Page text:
Skip to content
Home Link Logo

Labour’s private school VAT plans may have unintended consequences

Might there be unintended consequences of the plan to make private school fees subject to VAT?

Labour's plans to make private school fees subject to VAT could provide an opportunity to simplify the tax system, but also may have unintended consequences for foreign investment.

Gabby Donald, VAT Partner  said:

We can expect the new Labour government to move forward with its plans to make private school fees subject to VAT. Comment in recent weeks suggests that, although this change may not take effect until 2025, parents and schools can expect anti-forestalling legislation to be introduced soon to prevent fees that are not normally due being paid in advance to avoid the 20% VAT charge. The details of these measures will need to be carefully considered by schools once published, before turning their attention to the introduction of VAT on school fees.

Whilst we know that the incoming Labour government has made some specific commitments on private school fees and not to raise the standard rate of VAT, we have no knowledge of any plans beyond this. We know the new government will need to raise money and believes this can come through growing the economy and by cracking down on tax avoidance.

The UK VAT system is complex and already contains a broad array of anti-tax avoidance provisions, the incoming Chancellor has a real opportunity to reform and simplify the existing system. Doing this, in consultation with business, could create a stable and more straightforward VAT system within which businesses can invest and grow. Alongside this the Chancellor should look again at HMRC’s funding to ensure that the Tax Authority is properly resourced, and its staff are trained to implement the law (including anti-avoidance measures) correctly.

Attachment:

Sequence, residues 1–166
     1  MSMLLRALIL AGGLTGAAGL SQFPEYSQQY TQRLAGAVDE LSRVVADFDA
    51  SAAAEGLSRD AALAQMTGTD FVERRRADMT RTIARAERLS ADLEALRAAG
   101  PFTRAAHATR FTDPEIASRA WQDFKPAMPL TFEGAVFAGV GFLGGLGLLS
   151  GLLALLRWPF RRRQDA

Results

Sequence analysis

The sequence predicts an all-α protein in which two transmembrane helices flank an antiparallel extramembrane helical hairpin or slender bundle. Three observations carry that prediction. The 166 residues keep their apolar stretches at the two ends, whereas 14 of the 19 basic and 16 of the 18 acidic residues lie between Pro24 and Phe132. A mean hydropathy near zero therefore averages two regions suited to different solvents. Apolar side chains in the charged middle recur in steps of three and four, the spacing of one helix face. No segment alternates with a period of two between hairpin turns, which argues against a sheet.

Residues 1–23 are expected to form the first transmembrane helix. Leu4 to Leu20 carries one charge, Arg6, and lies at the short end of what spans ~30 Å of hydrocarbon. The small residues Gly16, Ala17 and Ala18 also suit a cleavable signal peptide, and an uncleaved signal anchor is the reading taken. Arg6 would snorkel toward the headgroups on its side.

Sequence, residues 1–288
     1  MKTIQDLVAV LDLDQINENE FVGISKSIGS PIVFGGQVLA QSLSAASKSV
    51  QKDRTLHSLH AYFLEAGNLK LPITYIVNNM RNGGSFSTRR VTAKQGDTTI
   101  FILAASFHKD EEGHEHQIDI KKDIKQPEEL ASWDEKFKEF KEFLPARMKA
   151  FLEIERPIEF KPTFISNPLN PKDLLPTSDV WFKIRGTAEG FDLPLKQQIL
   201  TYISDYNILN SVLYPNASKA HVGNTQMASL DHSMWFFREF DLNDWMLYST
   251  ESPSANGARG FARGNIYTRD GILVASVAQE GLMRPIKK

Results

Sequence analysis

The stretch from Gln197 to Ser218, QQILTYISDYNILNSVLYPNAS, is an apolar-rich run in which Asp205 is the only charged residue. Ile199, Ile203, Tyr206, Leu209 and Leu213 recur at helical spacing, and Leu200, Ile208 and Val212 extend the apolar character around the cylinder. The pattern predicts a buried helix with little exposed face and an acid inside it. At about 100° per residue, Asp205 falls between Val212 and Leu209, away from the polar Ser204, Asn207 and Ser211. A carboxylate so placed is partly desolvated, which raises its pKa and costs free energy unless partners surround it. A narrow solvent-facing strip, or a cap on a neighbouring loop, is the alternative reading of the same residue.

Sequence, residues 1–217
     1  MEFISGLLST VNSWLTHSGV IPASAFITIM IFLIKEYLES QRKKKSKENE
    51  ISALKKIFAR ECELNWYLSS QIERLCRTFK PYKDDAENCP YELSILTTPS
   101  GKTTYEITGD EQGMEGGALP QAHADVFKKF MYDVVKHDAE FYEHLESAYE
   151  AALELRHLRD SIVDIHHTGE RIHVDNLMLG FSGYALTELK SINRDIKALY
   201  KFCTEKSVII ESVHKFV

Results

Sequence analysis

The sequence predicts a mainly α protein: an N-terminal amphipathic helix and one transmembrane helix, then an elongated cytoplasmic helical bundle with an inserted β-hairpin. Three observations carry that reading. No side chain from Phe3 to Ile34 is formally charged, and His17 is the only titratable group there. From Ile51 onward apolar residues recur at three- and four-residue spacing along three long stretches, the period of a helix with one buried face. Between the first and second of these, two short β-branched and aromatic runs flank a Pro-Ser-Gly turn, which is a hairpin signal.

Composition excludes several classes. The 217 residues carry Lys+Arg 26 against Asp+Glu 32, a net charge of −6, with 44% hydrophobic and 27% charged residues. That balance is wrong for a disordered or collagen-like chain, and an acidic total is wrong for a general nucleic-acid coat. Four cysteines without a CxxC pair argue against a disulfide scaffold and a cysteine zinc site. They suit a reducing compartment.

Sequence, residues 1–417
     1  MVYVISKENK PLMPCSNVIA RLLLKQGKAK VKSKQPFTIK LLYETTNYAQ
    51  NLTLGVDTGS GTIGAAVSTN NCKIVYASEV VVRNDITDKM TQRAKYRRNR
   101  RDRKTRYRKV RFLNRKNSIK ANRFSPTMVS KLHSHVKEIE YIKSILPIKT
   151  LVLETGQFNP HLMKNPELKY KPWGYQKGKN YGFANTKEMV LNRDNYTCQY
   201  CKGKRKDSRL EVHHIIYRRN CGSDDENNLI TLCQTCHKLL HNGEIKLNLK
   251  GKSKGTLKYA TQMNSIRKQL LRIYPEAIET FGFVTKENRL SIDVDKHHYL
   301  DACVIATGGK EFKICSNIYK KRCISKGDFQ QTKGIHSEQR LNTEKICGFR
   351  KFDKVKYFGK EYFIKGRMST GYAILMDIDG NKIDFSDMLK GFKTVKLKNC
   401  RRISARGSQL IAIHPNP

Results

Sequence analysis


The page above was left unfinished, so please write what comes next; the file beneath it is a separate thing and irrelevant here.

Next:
John Havard, Consultant said:

The new government wishes to continue attracting foreign investment. When that is achieved it is often accompanied by assigning home country employees to the UK, typically for 3-5 years. Such employees with children of school age will want them to continue to receive home country type education whilst in the U.K. This allows them to easily transition back into home country schools when the assignment to the UK ends.

There are fee paying schools in the UK which cater specifically for this market. e.g. the French Lycee in Kensington and the American School in London. Under Labour’s announced policy, these schools will have to charge VAT, thus increasing the cost of the assignment. Considerably so if the employer reimburses the cost and picks up the additional tax paid on this benefit in kind.

There is a solution to this – allow the employee a deduction against their taxable income for the VAT incurred on fees related to home country type education. Only employees eligible for overseas workday relief would be allowed to take the deduction against employment income.

Would you like to know more?

If you would like to discuss the above or how it may affect you, please get in touch with your usual Blick Rothenberg contact or Gabby Donald using the details on this page.

Contact Gabby

Gabby Donald
Gabby Donald
View Gabby's profile